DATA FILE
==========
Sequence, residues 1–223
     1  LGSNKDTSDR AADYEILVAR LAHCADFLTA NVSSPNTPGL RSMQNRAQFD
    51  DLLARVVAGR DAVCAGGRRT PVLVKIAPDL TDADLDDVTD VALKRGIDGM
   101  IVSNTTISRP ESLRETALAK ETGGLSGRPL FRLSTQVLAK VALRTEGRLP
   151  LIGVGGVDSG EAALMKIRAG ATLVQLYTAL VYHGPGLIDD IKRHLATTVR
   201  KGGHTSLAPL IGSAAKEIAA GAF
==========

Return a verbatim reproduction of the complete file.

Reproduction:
Sequence, residues 1–223
     1  LGSNKDTSDR AADYEILVAR LAHCADFLTA NVSSPNTPGL RSMQNRAQFD
    51  DLLARVVAGR DAVCAGGRRT PVLVKIAPDL TDADLDDVTD VALKRGIDGM
   101  IVSNTTISRP ESLRETALAK ETGGLSGRPL FRLSTQVLAK VALRTEGRLP
   151  LIGVGGVDSG EAALMKIRAG ATLVQLYTAL VYHGPGLIDD IKRHLATTVR
   201  KGGHTSLAPL IGSAAKEIAA GAF